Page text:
Internal justification for every DLC for any game in existence probably goes like this: “If you still want more of this, you want it spiced, right?”. Players who completed Doom Eternal most certainly don’t want Palm Springs vacation simulator with Doom Slayer sunbathing, but do they want the terror they got with The Ancient Gods – Part One? I’m sure lots of them do, but…
Heavy “but” coming your way. The first campaign DLC for Doom Eternal is much, much more difficult than the original game. It’s so much more difficult it’s not even funny, at least for the first few struggling hours laced with swearing and heavy breathing. This DLC is spiced all right, but instead of a bit of extra curry, it got sprinkled with liquid evil.
My perfect storm of unpreparedness factored in long abstinence from Doom Eternal – after I completed the campaign in the eve of lockdown era, I dabbled a bit in multiplayer, but pretty soon got bored and moved on. Muscle memory faded and neural pathways self-optimized for some different game. Then The Ancient Gods descended and immediately judged me unworthy. My second mistake was opting to play the original game on a console instead of a PC: re-learning the difficult game played with a controller is probably like struggling to walk on prosthetics in the first year after the accident. It took one whole agonizing evening for me to stop getting destroyed on basic difficulty.
Doom Eternal: The Ancient Gods – Part One starts immediately after the conclusion of the base campaign. Lore got complicated at this point, but suffice to say that Evil cannot be fully obliterated without further excursion in demon-infested levels where you’ll get important thingamajigs of supernatural origin. I’m still not fully on board with this much oral and written fantasy in the game like Doom – “aliens from hell go kill ’em Tiger” was perfectly fine, but someone important raised hand in the Bethesda overlords board meeting and here we are…
This DLC is difficult mostly because the intensity of combat set-pieces is dialed to twelve. Dispatching wave after wave of demons is demanding physical work as you cannot afford to stop and catch your breath even for a quarter of a second. “You stop-you die” rule in the design document has been repeatedly underlined with red ink. The most annoying enemy from the original game is back with for the brutal encore – shield-wielding Marauders, super-demons immune to special weapons and invulnerable except in a split-second window when they swing at you, are aplenty. You will fight two at the same time on a few occasions, in case you started to feel comfortable with just one.
Then there are the pop-up turrets which were probably designed by the bored son of Sauron – they have mini eye-like canon on top of the pillar that descends into the base structure if you aim at it for too long. They shoot at you when you turn your back on them, but after you decide to blast them to pieces they plop down, probably with silent MWAHAHAHAA, ready to hose you again when you set your sights on something else. Marquis de Sade, is that you laughing from hell? Or was that Caligula? Let’s not forget mega tentacles, elder siblings of those reasonably sized feelers from base Doom Eternal, which will terrorize you on the demonic swamp level. But by far the most annoying new adversary is the Spirit which possesses enemies, making them stronger, deadlier, and harder to kill. If you eliminate its host, Spirit will simply possess another demon unless it’s dispatched with a plasma rifle beam or if there is no one else to haunt.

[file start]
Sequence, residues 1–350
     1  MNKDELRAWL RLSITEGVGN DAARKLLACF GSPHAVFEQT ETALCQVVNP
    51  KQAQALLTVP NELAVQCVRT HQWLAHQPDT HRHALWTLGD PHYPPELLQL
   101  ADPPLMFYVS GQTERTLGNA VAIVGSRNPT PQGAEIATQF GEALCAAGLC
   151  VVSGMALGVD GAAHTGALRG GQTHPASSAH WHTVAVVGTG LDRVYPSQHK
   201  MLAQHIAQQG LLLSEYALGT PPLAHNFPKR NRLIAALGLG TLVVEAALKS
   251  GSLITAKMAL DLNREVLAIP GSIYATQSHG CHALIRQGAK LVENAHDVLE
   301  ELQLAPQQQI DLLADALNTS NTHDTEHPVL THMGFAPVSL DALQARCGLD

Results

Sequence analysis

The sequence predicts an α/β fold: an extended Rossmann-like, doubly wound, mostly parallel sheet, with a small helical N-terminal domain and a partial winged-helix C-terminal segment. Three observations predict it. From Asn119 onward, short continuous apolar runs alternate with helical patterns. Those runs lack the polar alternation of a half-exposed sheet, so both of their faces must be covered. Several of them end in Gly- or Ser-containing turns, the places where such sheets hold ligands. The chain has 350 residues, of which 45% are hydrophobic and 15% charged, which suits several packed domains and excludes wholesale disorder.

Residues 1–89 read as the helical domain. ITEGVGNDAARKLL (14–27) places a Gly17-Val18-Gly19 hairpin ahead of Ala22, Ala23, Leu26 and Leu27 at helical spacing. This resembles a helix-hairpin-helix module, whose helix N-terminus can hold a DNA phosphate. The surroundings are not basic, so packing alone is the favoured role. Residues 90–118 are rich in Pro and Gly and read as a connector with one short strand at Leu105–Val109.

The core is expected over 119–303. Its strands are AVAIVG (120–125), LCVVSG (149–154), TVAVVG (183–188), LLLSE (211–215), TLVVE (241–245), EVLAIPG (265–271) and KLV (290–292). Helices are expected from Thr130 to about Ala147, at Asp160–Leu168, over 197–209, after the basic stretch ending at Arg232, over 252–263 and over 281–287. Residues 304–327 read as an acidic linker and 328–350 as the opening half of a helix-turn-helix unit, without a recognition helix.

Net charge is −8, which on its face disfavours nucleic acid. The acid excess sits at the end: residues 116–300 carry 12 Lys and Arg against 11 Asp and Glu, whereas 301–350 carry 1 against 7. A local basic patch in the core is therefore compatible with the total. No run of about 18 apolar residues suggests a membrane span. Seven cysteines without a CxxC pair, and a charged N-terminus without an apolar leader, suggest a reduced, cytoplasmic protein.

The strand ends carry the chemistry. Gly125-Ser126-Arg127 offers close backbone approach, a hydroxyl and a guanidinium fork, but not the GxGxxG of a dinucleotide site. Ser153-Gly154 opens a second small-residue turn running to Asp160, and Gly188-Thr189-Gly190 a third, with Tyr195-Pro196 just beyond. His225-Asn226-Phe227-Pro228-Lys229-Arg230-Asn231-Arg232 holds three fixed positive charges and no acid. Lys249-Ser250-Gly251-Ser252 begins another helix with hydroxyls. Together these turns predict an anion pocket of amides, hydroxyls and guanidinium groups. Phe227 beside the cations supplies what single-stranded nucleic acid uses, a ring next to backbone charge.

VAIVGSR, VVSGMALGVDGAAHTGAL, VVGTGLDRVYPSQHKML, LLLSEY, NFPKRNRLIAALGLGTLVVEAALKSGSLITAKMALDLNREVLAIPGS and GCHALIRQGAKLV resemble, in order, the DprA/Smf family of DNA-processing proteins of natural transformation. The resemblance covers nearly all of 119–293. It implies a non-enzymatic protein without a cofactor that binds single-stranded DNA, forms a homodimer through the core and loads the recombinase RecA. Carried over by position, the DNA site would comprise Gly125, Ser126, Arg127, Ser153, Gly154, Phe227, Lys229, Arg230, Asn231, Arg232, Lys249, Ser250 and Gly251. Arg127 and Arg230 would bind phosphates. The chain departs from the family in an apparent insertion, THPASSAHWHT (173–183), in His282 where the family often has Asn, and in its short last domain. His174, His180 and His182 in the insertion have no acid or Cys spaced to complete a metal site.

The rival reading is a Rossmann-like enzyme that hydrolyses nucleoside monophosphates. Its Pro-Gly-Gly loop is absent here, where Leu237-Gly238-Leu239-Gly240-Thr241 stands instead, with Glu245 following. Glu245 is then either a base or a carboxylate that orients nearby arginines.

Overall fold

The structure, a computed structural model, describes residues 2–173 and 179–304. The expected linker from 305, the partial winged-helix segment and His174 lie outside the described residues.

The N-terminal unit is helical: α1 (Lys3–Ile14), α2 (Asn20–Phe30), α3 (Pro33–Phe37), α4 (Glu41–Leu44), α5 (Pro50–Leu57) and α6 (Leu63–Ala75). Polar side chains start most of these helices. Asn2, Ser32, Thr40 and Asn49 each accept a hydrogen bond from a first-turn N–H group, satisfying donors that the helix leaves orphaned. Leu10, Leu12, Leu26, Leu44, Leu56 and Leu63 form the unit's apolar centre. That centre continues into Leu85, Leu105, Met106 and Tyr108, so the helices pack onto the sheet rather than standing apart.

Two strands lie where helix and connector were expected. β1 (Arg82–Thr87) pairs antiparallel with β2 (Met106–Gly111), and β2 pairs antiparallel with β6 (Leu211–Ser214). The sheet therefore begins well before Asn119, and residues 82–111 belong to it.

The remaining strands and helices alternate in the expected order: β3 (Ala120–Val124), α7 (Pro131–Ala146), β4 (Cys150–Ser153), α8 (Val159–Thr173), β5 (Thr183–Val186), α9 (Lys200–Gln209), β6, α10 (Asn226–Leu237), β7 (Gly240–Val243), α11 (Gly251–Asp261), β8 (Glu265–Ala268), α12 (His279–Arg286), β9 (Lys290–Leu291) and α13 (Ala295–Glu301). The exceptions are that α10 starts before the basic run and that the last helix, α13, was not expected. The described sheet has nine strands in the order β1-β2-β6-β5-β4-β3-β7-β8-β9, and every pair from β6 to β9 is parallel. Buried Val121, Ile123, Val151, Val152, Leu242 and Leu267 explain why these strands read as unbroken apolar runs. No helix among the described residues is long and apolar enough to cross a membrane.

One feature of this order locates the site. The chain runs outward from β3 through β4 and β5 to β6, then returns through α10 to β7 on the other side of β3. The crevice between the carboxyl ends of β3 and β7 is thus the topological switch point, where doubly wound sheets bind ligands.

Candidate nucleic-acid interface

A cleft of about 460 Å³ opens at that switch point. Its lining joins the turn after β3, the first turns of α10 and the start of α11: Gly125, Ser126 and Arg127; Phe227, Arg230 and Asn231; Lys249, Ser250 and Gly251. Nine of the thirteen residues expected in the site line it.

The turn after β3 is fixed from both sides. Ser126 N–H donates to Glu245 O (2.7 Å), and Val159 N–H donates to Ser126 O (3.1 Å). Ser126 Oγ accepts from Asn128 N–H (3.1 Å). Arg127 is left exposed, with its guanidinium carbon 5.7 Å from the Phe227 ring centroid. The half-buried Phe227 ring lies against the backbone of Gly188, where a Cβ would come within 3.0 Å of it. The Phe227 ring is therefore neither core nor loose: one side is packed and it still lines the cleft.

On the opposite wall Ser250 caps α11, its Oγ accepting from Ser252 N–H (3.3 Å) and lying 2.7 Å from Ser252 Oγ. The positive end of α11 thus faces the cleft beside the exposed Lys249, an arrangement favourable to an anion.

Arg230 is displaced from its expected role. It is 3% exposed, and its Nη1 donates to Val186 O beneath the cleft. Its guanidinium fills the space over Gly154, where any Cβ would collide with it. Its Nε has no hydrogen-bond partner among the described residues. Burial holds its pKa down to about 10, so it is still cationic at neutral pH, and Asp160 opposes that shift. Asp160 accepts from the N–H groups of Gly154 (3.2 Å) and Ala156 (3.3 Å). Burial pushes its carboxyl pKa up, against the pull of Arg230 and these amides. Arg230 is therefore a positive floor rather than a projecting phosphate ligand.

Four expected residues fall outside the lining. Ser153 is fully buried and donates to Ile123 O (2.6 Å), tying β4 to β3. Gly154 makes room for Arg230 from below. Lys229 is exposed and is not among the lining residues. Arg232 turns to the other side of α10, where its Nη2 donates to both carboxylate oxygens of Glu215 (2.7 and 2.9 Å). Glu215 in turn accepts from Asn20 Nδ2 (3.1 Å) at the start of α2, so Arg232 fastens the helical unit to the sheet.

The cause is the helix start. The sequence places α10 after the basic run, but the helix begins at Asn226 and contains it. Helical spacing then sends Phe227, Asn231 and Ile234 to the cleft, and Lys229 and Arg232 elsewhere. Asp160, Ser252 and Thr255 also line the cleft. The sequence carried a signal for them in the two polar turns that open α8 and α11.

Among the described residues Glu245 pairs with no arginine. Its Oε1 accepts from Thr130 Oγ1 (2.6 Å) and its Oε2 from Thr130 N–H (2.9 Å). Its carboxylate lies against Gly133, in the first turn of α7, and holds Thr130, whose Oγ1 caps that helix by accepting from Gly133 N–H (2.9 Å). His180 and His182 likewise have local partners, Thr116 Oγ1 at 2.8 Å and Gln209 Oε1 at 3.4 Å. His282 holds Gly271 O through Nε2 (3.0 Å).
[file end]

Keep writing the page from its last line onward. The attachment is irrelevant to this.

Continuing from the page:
Doom Eternal: The Ancient Gods – Part One consists of three massive levels that require lots of patience and determination. There is very little filler material here as they are compressed and stacked with Evil that will repeatedly overwhelm you. I really can’t remember SOOO much reloading, trial and error from any game I played in the last decade. Things got a little bit comfortable only when I took a coward’s way out and lowered the difficulty to the “I’m too young to die” setting. Lowest of the low, but still quite brutal. Platforming is back with a vengeance too, and some of those acrobatic sections are spiced up with the pressing need to figure out the really perfect sequence of double jumps and dashes, timed in accordance with some environmental factor, like cargo container suspended on a cable, set in motion after the bullet fired in the green switch. Prince of Persia in the world of demons, no less.
If you still want more of this, you want it spiced, right? You should definitely ask yourself this question before you pull the trigger on Doom Eternal: The Ancient Gods – Part One. This DLC is not for the faint-hearted casuals – it demands persistence, practice, and a strong anti-quitting attitude. If you complete it on reasonable difficulty, you should 3D print Slayer’s helmet and wear it as a substitute for a surgical mask. Without shame.
- Ultimate challenge for veteran players.
- New enemies are challenging and interesting.
- Too difficult for normal, not augmented human beings.
- Relatively short once you get the hang of it.